Using robots in war zones to examine and disarm hazards or recover objects have become increasingly common.
There is an underlying understanding that it is far more acceptable to lose a robot than the death of a soldier.
However, when robots become valuable members of the team, there is a tendency to treat them like colleagues rather than machines.
According to a recent press release, University of South Australia Professor of Human Computer Interaction, Professor Mark Billinghurst, has collaborated with Dr James Wen and other members of the United States Air Force Academy (USAFA) to explore these connections and their impact on team efficiency and productivity on the front-line.
Background of the Initiative
Their research shows that for robots to be fully integrated within a human-machine team (HMT), they must first be accepted as teammates.
To facilitate this, a lot of work has been done over the years to make robots more ‘human-like’ by altering their physical characteristics and capabilities.
While humanising robots strengthens the working relationships between soldiers and their robots, it also inflates the value of the robot team members in the minds of military personnel.
This leads to an increased emotional response when the robot is put under stress.
The researchers designed a simulation-based application that tracked the emotional responses of two teams of participants, who undertook a range of simulated tasks with either a personified or non-personified robot.
The study showed that teams working with a personified robot were 12% less likely to put their robot at jeopardy of destruction compared to teams working with a non-personified robot.
Moreover, they were more sensitive to the robot’s health and the possibility of seeing the robot ‘killed’ in action.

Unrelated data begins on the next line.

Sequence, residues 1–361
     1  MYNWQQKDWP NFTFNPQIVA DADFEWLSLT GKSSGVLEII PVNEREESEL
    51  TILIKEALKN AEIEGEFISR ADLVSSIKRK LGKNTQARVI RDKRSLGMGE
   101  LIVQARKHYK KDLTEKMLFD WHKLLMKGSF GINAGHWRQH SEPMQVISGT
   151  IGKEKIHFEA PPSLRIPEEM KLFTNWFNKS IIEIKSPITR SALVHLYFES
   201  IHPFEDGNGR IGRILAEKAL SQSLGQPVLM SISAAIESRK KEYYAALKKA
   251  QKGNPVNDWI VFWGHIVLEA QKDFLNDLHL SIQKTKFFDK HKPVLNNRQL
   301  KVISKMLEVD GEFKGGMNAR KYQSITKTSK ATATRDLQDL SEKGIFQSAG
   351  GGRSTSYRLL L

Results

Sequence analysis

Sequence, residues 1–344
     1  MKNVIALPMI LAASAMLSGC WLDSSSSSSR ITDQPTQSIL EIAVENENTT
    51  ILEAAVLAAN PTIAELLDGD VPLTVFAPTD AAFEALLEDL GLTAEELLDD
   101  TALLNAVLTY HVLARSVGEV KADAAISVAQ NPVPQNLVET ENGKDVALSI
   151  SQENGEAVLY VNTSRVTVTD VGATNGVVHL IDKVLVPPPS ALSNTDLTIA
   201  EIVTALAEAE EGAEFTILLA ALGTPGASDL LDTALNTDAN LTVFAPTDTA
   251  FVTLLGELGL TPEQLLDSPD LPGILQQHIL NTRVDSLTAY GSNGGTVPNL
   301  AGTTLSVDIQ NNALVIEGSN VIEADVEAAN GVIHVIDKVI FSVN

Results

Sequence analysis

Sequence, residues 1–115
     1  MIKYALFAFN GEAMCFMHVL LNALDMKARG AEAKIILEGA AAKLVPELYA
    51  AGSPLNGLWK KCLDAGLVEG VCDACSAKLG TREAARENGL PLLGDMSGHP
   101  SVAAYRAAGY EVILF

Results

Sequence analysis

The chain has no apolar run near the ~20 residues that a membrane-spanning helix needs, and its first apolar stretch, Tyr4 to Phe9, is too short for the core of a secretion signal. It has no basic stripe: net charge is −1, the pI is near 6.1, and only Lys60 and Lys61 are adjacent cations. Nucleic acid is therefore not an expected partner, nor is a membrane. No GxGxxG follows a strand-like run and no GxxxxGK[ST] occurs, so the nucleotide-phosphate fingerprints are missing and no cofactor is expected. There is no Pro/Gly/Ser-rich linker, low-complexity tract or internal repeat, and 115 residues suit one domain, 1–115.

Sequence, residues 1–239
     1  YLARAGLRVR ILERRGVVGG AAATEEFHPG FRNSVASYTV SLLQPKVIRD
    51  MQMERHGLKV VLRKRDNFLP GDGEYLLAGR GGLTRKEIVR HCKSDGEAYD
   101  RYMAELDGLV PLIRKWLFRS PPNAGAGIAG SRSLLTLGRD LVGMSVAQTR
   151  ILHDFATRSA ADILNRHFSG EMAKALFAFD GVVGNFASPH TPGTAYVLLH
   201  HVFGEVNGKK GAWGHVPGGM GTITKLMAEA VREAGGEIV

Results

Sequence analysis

This is the first time that research has measured how actions can be altered by empathy when potential harm is induced in a simulation.
The results show first-hand how emotional connections can impact decision making in the field.
Evidence shows that teams working with a personified robot are significantly more mindful about limiting damage and harm towards it.
However, this can have significant consequences.
Showing empathy has consequences
Empathy shown by a soldier towards a military robot has the potential to interfere with performance on the frontline.
Rather than sacrificing the robot, participants who were working with a personified robot had to increase their workloads.
They were willing to take more personal risks and would stop before putting the robot at risk, which impacts their decision making under pressure.
According to the Professor, such hesitation and having an empathic response in these circumstances could have dangerous consequences for military personnel.
Where split second decisions can determine the difference between life and death, it will become increasingly important to monitor soldiers working in collaboration with robots.
It is expected that military robots will be increasingly used in the future necessitating further research, training and evaluation on the topic.
The research also has implications for a wide range of other human/robot collaborative tasks in non-military settings, such as on the factory floor, in hospitals, or even in the home.